No, 2A groups don't have to "thread the needle" on Hunter Biden charges

AP Photo/Andrew Harnik, File

In the wake of Hunter Biden’s most recent indictment, several pro-guno organizations have taken the stance that while the law he’s charged with violating may be constitutionally suspect, it should still apply equally to all… even the well-connected son of the sitting president.


Frankly, that’s pretty close to my own view of Biden’s legal troubles, and I’m not sure why Politico seems so surprised by that position, but reporter Andrew Zhang sure seems to think it’s curious, writing that “while staunch gun advocates oppose any control, they still don’t like the Biden family.”

Pro-gun groups that oppose firearm restrictions say they have no problem with Hunter Biden’s indictment on Thursday, on charges stemming from his purchase of a pistol during a period when he has admitted to using drugs.

They may not like the laws. But it’s only fair, they say, that the president’s son get punished just like anyone else.

“Gun Owners of America opposes all gun control, but so long as this President continues to use every tool at his disposal to harass and criminalize guns, gun owners and gun dealers, his son should be receiving the same treatment and scrutiny as all of us,” Erich Pratt, senior vice president of the organization, said in a statement on Thursday.

The statement from Gun Owners of America, one of the largest gun rights groups in the country, suggests how firearm advocates will be threading a needle when discussing the indictment against the president’s son — whom conservatives have been targeting in political attacks in the run-up to the 2024 election. The NRA issued a similar line on how Hunter Biden should be treated.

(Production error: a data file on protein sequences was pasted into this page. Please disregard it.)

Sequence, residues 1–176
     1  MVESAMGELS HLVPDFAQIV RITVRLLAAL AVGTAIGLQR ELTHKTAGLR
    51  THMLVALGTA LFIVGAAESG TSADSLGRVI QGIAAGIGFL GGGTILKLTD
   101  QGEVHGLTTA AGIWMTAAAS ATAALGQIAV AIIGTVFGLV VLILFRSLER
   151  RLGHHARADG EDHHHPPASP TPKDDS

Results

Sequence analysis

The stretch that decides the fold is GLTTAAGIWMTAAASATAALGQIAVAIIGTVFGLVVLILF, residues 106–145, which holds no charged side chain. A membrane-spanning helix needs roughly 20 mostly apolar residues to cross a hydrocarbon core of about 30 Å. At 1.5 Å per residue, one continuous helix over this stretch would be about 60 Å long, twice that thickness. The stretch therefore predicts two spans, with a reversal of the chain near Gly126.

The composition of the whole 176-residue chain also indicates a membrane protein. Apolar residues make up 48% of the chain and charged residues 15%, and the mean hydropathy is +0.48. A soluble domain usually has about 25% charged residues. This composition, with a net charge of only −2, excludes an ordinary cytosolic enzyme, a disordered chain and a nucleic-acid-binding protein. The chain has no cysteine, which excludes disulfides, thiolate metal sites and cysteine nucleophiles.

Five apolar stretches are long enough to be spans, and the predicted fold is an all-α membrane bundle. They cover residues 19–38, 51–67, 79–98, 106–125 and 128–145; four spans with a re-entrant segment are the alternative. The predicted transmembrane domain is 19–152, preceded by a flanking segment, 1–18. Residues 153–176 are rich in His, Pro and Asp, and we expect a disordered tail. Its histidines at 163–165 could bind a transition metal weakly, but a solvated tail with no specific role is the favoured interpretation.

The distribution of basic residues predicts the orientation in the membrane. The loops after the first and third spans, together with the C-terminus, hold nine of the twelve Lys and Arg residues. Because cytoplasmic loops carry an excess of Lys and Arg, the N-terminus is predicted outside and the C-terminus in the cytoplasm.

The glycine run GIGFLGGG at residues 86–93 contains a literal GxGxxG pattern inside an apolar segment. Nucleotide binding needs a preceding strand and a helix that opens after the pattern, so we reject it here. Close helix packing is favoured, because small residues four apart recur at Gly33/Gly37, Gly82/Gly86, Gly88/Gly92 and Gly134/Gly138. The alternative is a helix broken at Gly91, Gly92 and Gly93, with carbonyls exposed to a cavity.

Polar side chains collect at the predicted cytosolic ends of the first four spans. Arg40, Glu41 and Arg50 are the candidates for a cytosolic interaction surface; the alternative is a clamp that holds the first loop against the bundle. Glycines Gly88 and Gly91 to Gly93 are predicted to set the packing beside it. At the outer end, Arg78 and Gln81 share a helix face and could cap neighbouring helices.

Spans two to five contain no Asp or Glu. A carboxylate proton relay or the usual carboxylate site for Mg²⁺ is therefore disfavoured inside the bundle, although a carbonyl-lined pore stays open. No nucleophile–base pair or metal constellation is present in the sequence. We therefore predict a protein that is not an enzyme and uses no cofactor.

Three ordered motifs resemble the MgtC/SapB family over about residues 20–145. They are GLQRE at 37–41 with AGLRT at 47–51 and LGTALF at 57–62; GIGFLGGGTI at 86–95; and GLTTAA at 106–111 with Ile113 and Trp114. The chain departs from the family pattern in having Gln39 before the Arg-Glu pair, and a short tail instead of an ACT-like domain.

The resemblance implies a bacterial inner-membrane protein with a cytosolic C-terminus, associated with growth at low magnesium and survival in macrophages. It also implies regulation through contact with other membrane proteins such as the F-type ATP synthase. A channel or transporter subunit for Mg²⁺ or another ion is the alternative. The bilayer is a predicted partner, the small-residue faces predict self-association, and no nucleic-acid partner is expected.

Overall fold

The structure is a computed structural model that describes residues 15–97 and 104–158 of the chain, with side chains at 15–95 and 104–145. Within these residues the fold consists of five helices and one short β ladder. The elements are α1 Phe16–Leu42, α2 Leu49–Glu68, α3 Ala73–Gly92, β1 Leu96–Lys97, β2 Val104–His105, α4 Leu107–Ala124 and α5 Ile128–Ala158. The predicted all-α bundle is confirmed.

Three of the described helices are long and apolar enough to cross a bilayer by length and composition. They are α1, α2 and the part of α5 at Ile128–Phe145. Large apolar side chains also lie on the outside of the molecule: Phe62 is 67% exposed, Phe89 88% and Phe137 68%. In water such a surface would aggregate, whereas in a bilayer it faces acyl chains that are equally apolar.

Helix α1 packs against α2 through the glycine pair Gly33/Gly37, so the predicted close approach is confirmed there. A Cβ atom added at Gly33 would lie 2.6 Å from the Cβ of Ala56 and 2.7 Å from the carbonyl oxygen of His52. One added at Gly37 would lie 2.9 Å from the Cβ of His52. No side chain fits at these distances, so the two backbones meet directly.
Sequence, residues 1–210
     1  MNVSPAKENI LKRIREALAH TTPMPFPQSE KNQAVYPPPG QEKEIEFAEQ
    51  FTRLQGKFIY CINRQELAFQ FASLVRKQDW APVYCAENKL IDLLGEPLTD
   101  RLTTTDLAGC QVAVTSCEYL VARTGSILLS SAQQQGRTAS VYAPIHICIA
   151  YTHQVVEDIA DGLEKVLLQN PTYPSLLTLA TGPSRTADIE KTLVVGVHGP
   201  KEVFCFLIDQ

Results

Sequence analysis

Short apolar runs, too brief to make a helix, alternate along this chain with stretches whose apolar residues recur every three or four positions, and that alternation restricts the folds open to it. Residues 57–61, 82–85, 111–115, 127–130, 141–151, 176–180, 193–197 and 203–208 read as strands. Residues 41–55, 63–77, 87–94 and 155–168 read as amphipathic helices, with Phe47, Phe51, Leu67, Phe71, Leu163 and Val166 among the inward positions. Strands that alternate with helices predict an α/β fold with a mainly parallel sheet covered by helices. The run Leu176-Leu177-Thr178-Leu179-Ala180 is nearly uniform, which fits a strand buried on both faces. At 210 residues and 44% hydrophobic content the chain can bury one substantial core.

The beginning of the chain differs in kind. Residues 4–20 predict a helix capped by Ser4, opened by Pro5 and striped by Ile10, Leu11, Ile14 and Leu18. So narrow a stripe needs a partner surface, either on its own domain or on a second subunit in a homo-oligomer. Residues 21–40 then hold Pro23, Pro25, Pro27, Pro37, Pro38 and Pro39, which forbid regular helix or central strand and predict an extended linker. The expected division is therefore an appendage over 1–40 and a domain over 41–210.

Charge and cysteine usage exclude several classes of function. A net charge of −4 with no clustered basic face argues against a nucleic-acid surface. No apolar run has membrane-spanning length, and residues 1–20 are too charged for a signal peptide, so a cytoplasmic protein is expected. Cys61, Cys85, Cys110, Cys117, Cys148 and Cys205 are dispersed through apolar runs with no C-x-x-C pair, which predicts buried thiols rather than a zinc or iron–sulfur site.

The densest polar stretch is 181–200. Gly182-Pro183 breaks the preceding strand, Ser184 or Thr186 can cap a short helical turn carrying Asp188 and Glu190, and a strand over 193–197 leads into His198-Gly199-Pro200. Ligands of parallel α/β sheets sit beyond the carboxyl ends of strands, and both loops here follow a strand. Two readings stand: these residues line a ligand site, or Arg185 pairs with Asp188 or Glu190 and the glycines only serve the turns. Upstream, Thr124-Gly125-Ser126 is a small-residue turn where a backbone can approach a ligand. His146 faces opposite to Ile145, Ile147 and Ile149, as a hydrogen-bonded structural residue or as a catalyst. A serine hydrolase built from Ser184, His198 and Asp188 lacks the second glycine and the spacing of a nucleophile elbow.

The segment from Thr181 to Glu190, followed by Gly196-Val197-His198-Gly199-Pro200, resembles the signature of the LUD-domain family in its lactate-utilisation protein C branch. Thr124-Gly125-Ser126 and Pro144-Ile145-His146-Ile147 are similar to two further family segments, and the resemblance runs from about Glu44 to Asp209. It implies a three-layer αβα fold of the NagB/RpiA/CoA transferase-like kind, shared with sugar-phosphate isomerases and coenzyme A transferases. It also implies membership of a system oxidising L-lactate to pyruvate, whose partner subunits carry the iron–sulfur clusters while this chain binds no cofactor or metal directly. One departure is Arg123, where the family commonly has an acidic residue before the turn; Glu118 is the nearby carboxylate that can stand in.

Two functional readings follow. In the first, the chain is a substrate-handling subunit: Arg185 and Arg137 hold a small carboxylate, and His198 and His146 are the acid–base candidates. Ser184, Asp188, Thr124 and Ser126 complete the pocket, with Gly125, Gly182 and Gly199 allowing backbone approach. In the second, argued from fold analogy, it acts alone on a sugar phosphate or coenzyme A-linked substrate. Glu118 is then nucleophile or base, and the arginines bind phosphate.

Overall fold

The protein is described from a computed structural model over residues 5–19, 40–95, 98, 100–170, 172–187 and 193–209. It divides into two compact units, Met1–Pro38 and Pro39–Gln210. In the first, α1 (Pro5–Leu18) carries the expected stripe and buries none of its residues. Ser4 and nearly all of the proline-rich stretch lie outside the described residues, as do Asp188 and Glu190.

“Laws should be applied equally against all criminals,” NRA spokesperson Billy McLaughlin told POLITICO in a brief statement.


Is this really “threading the needle”, or just a common sense take on enforcing the laws that are on the books? Why wouldn’t we expect that if the law barring unlawful users of drugs from possessing or purchasing a firearm is going to be enforced, it would be equally enforced, whether its the president’s son or a guy caught with pot and a pistol in his car? Contrary to the claims of Biden defenders that these charges are never brought, there are several cases like the one involving Patrick Darnell Daniels.

I’d be perfectly happy to see 18 U.S. Code § 922(g)(3) repealed by Congress or overturned by the courts, but so far that hasn’t happened (although the Daniels case I referenced in the preceding paragraph could serve as a vehicle for the Supreme Court to take that step). Given that DOJ is actively prosecuting individuals for the same crime that Hunter Biden’s accused of committing, of course Biden should be charged as well.

Based on what I’ve read in the briefs in the Daniels case, it looks like there aren’t any historical analogues to the modern prohibition on gun ownership for drug users. Instead, the DOJ has cited laws and ordinances that ban the possession of a firearm while intoxicated. That’s a very different proposition than what’s currently in place, though even if that standard were adopted Hunter might still find himself in legal trouble. After all, he’s accused of purchasing a gun at a time when he’s admitted to smoking crack “every fifteen minutes”, which is a pretty good indication that he was holding on to a gun while he was high as a kite.


By the time Biden’s case moves to trial the Supreme Court may very well have thrown out § 922(g)(3), and I don’t have a problem at all with his attorneys arguing that the statute is unconstitutional under Bruen in the meantime. It would be dumb not to make that case. They’re trying to keep their client out of prison, and based on the evidence against him, disputing the constitutionality of the statute in question is probably the strongest argument they can make.

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